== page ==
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    1. Hope you like this one, Nancy. Crooked House is one of my favorite Agatha Christie books. I hope to read more books by Christie in 2015. I neglected her for other mystery authors in 2014.

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  2. Tracy - This certainly sounds like a really absorbing story of characters as much as anything else. Interesting! And I don't know enough about that period of time in Korea, nor about the US presence there during that decade. I ought to try that series...

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    1. I did find Slicky Boys absorbing, Margot. Even as it got more thrillerish, the narration kept me engaged. I do love learning about Korea in this time period.

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  3. What a striking front cover. I couldn't stop looking at it. The best part of your blog, Tracy are the books you read which are a complete revelation to me. Thanks!

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    1. Thanks, Sarah. I do love the Soho covers in this style, and this is a beautiful one. This series really is a good one, although it may not appeal to everyone.

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  4. Sarah has expressed my exact thoughts in the comment above! That picture is very compelling. Not sure if I'll ever get to this one, but a great review.

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    1. Thanks, Moira. I have enjoyed the first two books in the series, and now will be looking for book three. I have a couple of the later ones. I am always behind in series.

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  5. Tracy, had I seen this book in the bookstore, I'm not sure I'd have picked it up but your review is going to make me think twice before turning away from such books in future. I have no hesitation in buying novels with illustrations rather than actual portraits or photographs on the cover.

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    1. Prashant, This cover is representative of events in the book but... only some of them. It is hard to tell from covers what a book holds. I have bought some books because I loved the cover and not liked the book.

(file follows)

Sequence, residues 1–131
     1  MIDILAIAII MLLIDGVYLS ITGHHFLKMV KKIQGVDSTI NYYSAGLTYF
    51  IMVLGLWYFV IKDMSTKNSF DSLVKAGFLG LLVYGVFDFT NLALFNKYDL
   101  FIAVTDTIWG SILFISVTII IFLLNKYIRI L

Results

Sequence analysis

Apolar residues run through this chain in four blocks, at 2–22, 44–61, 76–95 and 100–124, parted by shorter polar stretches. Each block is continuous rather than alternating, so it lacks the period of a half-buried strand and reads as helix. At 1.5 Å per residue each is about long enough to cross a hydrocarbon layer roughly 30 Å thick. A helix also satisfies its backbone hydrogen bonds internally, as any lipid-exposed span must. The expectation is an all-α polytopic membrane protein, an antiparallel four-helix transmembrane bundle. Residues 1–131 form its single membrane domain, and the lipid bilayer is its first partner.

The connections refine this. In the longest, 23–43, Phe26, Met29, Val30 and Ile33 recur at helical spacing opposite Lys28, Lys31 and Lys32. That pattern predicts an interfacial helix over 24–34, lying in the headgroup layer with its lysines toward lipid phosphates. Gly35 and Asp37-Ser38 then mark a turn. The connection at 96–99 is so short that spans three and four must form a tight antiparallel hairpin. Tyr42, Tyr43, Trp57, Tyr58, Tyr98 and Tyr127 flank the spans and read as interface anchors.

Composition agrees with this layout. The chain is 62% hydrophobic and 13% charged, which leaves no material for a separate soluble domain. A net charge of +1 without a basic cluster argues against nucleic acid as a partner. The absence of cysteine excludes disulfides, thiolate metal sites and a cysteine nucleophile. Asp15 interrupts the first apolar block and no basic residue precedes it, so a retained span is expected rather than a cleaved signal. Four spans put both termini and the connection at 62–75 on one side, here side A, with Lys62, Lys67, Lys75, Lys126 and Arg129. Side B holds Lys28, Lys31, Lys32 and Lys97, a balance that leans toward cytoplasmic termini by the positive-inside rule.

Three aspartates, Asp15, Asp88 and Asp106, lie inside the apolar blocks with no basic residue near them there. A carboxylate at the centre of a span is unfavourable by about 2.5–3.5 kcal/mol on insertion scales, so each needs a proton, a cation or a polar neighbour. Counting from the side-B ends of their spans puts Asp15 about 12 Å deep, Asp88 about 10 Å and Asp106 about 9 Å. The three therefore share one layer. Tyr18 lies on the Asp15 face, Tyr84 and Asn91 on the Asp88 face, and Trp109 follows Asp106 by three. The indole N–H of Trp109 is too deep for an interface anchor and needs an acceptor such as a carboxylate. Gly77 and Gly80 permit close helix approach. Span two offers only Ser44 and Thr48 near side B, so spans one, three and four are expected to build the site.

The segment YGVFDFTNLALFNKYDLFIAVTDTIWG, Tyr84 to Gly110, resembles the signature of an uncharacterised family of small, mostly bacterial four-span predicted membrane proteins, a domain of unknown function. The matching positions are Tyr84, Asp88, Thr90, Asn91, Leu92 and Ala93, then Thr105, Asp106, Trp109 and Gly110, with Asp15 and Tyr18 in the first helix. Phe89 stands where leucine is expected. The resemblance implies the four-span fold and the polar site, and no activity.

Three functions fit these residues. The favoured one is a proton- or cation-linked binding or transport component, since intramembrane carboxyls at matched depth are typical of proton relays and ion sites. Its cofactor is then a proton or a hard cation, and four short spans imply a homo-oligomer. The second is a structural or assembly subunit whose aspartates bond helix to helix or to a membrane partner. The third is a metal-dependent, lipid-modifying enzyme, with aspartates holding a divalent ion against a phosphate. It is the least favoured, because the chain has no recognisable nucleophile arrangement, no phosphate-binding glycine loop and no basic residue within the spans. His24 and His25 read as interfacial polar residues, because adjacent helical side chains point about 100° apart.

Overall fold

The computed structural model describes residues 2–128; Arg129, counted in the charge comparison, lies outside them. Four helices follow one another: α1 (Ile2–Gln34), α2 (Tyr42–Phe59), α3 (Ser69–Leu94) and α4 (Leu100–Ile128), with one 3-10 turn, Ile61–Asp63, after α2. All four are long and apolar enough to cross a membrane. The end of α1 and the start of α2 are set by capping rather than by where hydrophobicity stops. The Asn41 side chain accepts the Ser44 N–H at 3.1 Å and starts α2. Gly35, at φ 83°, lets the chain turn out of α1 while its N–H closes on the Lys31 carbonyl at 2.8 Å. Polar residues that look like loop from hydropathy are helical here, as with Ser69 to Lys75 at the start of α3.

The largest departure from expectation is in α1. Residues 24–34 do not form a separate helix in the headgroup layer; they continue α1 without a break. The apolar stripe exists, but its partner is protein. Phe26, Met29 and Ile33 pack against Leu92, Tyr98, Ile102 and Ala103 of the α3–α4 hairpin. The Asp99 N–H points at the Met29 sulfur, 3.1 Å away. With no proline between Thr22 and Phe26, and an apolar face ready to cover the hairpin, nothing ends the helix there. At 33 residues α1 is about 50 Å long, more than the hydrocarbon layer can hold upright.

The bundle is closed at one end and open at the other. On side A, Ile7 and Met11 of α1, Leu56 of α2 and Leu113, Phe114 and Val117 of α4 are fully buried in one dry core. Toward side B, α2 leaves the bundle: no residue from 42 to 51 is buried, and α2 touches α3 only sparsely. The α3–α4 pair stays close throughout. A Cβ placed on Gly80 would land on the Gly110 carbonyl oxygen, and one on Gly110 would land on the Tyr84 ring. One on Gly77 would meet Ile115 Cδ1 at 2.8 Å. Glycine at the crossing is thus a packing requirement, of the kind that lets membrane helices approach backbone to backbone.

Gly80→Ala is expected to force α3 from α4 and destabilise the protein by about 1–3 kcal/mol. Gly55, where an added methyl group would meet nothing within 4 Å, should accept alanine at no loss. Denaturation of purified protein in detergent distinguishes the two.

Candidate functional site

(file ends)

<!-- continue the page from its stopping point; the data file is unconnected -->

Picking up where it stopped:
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  6. I'll put him on my maybe wish-list. Not enough time or money and too many books already, otherwise it was a shoe-in. I'll see how long the series is before ruling it out totally.

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    1. Col, I know exactly what you mean. I have got to cut back on buying books, and there are always new ones I want, no matter how many I have.

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    2. Update - I ordered the 1st two before the end of 2014 and the new (stronger firmer stricter) embargo!

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    3. How will you enforce the embargo, Col? I want to buy less books but have no definite plans to restrict my buying ... yet.

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    4. I'm just going to have to be really strict with myself and maybe just allow enough slack to admit one book in for every ten existing read. I think that was my original plan. Just make more lists of want to reads, rather than having extra books bought but never actually read.

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    5. More lists of want to reads is the route I need to go also, Col. I have already placed pre-orders for two books (originally published in the UK) that come out in May, but I would really like to keep the buying down.